“Although nothing seems right… in cars.”

Howdy partners,

I’ve had this post rattling around my head for a while. Don’t worry, it’s not exactly deep nor scary. So what’s the biggie? There’s been a shift in my lifestyle; not the giving up thing which seems to have done the rounds of late, but in some small way, the end of an era for me. I’ll get to the point in a mo. Sheesh, you’d think I was paid by the word wouldn’t you! 🙂

Anyhoo, for the last decade or so I’ve ridden my motorbike to/from work in pretty much all weathers. As H’s job has changed, we’re now a 2 car household: my biking days are over. Dare I say I was lucky for 10 years? I guess so. I’ve come off twice (and it bloody hurt – that tends to focus your road sense) but Fate was kind to me and I, unlike other people I knew, saw neither serious injury nor expensive repairs.

In the last month of the summer holidays, I’d been in two minds over getting a car. On one hand I liked riding the bike to work: it was cheap to run, great through traffic queued traffic and ultimately, fun. The feel of the wind, the noise and just the feeling that you weren’t cooped up, but more part of what’s going on around you. To me, that’s the appeal of biking, not burning down a country lane trying to ‘get my knee down’. I know some folks love that, but it’s just not my bag, baby. 🙂

The downsides to biking, of course, are that it’s not so fun when you spend 10 minutes either end getting togged up or finding somewhere to dry your gear when the heaven’s have opened. Then there’s the whole safety issue…. I’ve not missed riding in the driving rain on only two wheels this week.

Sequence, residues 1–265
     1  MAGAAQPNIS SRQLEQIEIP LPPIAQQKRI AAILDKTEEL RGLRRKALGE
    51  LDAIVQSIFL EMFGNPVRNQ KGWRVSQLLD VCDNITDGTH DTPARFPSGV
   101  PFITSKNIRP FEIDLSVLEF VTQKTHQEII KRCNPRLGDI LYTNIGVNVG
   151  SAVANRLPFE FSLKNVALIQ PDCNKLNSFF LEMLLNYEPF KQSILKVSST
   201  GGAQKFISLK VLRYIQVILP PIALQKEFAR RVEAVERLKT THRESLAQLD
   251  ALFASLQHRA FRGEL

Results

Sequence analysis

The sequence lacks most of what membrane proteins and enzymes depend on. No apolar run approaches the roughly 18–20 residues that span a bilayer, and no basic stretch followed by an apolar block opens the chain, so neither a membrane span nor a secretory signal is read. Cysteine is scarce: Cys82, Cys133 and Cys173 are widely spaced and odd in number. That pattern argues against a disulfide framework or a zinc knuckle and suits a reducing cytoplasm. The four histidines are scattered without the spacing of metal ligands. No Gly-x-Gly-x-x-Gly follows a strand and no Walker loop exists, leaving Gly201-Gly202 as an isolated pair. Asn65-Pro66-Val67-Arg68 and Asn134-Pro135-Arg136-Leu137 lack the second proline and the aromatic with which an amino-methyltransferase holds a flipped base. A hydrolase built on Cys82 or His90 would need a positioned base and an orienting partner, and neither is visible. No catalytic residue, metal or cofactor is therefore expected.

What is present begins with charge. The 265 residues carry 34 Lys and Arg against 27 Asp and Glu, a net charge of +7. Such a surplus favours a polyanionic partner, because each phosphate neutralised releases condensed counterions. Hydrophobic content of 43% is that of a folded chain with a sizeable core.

Course, the filp side to queues and higher road tax is that I get to take Wee Man to school (a bit of father/son time together). I can listen to MP3s without deafening myself and I can just get in/out without wandering into the office looking like a kevlar Darth Vader.

So while I’m happy with my little tin box, a little part of me can’t help a little sad I won’t be riding off into the sunset. Perhaps if I’d waited to swap transport in December, I wouldn’t be feeling quite so nostalgic. 🙂


In other news, I spotted L’Oréal’s Star Secrets in a magazine. Basically, they’re small packs of make-up, where each one if themed along a look from one of their celebrity models. While they’re not cheap, you do get blusher, 3 shades of eyeshadow and lippy in a cute little packet. I bought a set the other day – the colours looked very nice – and I’ll give them a spin next time I’m out.

Talking of make-overs (Ed: coo, that was seamless), I’ve had a bit of a change around on the old blog. I won’t win any design awards that’s for sure, but it’s nice to have a bit of a change around once in a while.

Take care!

[ Today’s lyric: Gary Numan’s Cars… although I do have a soft spot for the Fear Factory version 🙂 ]